Mazarine Blue (Polyommatus semiargus)

The Mazarine Blue (Polyommatus semiargus) is a species of butterfly belonging to the family Lycaenidae. It is distributed across Europe, North Africa, and parts of Asia. This butterfly is named for the striking blue coloration found on the upper side of the male’s wings.

Here are some key characteristics of the Mazarine Blue:

  1. Appearance: The upper side of the male Mazarine Blue’s wings is a vibrant blue with a thin black border. Females typically have brown wings with blue markings, but they can occasionally display a bluish hue as well. Both genders have small black spots encircled by white on the wings.
  2. Habitat: Mazarine Blues inhabit a variety of open habitats, including grasslands, meadows, and woodland clearings. They prefer areas with abundant flowering plants, especially those belonging to the pea family (Fabaceae), which serve as nectar sources for adults and host plants for caterpillars.
  3. Life Cycle: Like other butterflies, the Mazarine Blue undergoes complete metamorphosis, consisting of four stages: egg, larva (caterpillar), pupa (chrysalis), and adult. The caterpillars feed on the leaves of specific host plants, often various species of vetches (Vicia) and clovers (Trifolium).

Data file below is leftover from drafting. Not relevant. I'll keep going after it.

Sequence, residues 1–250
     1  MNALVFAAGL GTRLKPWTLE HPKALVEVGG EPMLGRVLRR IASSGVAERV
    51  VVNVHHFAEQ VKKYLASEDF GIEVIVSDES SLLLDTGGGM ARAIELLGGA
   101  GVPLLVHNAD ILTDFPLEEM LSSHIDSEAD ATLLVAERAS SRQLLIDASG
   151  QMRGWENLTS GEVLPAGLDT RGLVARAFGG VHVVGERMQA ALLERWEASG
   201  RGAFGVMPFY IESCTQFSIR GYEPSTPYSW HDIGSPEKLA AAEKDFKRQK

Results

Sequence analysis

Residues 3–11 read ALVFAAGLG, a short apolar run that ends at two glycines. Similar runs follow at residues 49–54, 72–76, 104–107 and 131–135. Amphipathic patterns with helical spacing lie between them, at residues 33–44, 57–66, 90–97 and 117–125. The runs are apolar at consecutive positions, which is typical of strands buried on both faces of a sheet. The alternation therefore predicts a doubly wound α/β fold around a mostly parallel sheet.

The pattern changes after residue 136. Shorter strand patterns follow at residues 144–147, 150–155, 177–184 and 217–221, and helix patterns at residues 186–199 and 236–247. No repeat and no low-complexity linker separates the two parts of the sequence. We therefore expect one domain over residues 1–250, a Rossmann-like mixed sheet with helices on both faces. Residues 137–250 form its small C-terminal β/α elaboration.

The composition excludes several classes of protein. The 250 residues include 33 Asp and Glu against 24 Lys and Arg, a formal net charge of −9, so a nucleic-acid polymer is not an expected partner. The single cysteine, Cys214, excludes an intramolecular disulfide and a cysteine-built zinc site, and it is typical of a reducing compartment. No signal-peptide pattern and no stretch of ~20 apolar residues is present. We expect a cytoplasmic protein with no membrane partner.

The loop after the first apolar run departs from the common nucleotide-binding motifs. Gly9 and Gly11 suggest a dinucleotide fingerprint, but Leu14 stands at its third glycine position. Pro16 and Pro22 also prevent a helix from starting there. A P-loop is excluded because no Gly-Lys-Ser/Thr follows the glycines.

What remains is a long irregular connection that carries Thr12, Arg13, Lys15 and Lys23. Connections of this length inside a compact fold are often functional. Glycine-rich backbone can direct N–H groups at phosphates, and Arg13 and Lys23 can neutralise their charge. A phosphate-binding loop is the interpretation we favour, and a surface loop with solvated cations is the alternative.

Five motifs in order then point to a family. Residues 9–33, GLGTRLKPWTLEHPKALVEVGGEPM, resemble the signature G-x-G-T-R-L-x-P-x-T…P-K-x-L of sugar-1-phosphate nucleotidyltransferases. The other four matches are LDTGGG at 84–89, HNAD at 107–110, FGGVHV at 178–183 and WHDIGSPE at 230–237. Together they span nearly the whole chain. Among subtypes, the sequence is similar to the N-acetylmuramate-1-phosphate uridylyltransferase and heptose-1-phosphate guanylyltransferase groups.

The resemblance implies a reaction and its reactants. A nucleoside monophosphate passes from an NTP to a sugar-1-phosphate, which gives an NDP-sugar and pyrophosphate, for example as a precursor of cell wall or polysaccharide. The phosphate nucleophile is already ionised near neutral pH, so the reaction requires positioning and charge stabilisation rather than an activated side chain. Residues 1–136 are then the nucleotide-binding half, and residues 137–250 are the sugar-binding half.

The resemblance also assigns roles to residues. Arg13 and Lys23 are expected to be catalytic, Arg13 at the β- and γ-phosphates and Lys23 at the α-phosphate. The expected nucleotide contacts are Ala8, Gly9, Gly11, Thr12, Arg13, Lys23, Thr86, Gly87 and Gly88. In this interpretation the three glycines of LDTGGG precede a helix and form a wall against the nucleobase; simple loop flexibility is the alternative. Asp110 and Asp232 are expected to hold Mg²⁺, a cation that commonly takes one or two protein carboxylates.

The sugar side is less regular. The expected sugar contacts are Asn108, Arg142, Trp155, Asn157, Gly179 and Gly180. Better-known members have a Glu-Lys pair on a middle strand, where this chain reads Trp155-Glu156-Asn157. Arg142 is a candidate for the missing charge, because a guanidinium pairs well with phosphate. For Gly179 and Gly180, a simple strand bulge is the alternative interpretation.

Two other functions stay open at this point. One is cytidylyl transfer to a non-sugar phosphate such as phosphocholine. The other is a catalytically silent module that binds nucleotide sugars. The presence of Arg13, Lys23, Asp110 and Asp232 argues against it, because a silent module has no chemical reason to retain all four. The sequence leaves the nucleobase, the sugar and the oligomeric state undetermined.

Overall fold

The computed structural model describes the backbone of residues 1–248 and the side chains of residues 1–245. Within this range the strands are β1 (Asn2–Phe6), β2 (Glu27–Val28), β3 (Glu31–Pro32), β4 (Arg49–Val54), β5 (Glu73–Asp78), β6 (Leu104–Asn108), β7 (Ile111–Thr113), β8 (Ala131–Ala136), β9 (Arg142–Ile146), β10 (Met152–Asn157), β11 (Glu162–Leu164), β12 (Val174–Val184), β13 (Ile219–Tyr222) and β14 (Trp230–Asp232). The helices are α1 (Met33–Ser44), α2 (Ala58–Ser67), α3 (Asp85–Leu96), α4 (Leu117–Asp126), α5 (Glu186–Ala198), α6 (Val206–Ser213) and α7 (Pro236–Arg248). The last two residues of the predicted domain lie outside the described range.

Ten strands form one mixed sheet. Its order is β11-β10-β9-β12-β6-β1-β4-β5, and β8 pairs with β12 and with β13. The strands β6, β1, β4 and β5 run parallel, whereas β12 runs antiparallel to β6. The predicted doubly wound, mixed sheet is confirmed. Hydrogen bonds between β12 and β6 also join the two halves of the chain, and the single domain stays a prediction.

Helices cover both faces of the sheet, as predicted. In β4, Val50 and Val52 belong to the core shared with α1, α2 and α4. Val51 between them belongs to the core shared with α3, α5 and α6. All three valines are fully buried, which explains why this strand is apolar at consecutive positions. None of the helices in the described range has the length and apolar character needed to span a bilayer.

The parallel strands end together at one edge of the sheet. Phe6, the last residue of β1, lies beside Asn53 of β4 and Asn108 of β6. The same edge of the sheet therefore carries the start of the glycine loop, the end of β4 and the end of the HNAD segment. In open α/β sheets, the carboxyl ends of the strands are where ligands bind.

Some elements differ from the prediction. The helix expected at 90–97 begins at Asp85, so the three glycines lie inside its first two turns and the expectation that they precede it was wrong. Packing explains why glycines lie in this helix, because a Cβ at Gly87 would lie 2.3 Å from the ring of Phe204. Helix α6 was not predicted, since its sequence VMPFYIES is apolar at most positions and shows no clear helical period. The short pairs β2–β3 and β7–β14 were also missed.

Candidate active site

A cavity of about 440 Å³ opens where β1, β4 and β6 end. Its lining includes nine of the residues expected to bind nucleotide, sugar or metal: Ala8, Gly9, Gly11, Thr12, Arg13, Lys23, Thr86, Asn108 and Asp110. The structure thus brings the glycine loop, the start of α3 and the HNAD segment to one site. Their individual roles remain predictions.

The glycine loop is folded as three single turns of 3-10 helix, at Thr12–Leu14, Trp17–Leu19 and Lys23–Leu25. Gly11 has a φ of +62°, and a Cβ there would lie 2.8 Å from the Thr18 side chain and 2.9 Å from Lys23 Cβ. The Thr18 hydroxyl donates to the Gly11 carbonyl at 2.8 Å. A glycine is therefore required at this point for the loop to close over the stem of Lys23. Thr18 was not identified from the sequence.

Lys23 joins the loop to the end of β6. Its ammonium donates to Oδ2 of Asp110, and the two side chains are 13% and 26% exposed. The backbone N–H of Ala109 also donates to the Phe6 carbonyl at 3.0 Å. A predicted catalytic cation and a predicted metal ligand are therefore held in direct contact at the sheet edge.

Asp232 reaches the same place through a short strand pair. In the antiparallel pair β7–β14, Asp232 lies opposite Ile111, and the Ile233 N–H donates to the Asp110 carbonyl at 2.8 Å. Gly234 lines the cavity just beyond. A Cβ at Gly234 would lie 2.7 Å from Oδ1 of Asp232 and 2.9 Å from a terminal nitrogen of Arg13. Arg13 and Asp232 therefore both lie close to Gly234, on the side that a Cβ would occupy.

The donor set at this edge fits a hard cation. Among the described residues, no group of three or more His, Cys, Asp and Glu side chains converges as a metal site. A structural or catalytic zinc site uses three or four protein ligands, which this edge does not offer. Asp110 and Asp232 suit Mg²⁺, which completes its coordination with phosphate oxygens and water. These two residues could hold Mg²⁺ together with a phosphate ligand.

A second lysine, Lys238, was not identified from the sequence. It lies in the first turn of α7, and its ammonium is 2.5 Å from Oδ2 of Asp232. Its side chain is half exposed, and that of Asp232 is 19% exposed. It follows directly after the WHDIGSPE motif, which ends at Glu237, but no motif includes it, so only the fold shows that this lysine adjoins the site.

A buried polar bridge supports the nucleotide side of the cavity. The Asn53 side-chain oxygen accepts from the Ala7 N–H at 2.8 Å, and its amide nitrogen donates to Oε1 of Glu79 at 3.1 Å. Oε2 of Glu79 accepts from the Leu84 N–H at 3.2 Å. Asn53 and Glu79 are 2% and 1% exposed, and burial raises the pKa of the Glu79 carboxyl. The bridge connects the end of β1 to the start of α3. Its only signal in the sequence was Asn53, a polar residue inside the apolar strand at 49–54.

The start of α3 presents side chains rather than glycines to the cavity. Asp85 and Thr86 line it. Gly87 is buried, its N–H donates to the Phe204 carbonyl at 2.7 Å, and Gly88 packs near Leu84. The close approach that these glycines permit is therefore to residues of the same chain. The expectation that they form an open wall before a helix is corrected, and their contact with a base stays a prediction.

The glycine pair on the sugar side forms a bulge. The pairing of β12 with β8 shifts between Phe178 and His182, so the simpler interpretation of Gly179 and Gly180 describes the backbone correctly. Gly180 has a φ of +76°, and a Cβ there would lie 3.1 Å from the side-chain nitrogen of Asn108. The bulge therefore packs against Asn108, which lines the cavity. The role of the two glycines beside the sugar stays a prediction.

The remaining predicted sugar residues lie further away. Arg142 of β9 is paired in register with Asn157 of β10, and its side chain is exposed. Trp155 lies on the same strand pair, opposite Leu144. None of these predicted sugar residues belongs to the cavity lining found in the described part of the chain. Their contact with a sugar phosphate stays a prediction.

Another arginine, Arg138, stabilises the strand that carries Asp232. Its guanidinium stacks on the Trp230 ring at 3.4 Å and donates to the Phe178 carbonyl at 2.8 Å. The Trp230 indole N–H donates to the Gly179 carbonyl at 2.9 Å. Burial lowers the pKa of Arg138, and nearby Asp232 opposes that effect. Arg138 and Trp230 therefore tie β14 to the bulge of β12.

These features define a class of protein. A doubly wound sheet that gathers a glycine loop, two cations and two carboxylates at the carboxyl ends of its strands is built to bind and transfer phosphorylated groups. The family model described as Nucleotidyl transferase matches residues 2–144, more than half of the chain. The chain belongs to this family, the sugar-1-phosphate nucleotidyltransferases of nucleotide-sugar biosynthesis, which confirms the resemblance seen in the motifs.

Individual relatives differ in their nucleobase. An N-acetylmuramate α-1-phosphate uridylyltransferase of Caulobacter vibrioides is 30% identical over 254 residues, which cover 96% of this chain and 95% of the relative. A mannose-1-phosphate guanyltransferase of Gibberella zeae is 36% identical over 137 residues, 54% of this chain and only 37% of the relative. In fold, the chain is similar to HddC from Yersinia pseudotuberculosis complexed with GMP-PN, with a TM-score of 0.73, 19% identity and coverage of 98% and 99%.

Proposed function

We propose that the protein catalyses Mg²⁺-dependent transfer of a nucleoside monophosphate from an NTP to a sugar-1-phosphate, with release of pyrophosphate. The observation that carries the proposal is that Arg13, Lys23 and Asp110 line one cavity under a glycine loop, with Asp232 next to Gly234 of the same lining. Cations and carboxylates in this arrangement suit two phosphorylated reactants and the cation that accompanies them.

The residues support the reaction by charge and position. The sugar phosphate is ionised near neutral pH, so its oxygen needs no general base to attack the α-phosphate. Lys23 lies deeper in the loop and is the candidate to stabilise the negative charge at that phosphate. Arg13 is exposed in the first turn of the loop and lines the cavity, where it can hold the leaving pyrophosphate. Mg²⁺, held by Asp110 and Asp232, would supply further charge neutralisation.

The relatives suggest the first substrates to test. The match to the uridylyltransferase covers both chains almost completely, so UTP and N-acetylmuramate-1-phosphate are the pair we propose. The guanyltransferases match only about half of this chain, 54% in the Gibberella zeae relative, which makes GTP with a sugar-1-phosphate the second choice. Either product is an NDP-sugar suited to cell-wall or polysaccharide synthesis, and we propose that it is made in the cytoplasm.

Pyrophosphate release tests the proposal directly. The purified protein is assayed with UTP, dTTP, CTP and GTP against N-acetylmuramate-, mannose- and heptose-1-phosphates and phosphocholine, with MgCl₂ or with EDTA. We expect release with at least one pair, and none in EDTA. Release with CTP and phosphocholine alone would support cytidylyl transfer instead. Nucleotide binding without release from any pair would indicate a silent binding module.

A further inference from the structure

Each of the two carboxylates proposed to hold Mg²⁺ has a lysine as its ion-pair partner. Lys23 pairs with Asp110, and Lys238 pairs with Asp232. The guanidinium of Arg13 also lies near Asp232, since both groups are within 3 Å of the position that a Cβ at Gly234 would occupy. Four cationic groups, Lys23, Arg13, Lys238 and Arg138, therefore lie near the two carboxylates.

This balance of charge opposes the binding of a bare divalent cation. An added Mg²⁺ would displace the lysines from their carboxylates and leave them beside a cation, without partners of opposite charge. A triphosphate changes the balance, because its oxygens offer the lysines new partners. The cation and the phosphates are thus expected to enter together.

4. Flight Period: Depending on the location and climate, the flight period of the Mazarine Blue typically occurs from late spring to early autumn, with adults emerging from pupae during this time.
  5. Conservation: The conservation status of the Mazarine Blue varies across its range. While it is widespread and locally common in many areas, populations may face threats from habitat loss, agricultural intensification, and climate change in certain regions. Conservation efforts such as habitat preservation and restoration play a crucial role in ensuring the continued survival of this species.

Overall, the Mazarine Blue is a beautiful butterfly species that contributes to the biodiversity of the ecosystems it inhabits. Its presence also makes it a subject of interest for butterfly enthusiasts and conservationists alike.

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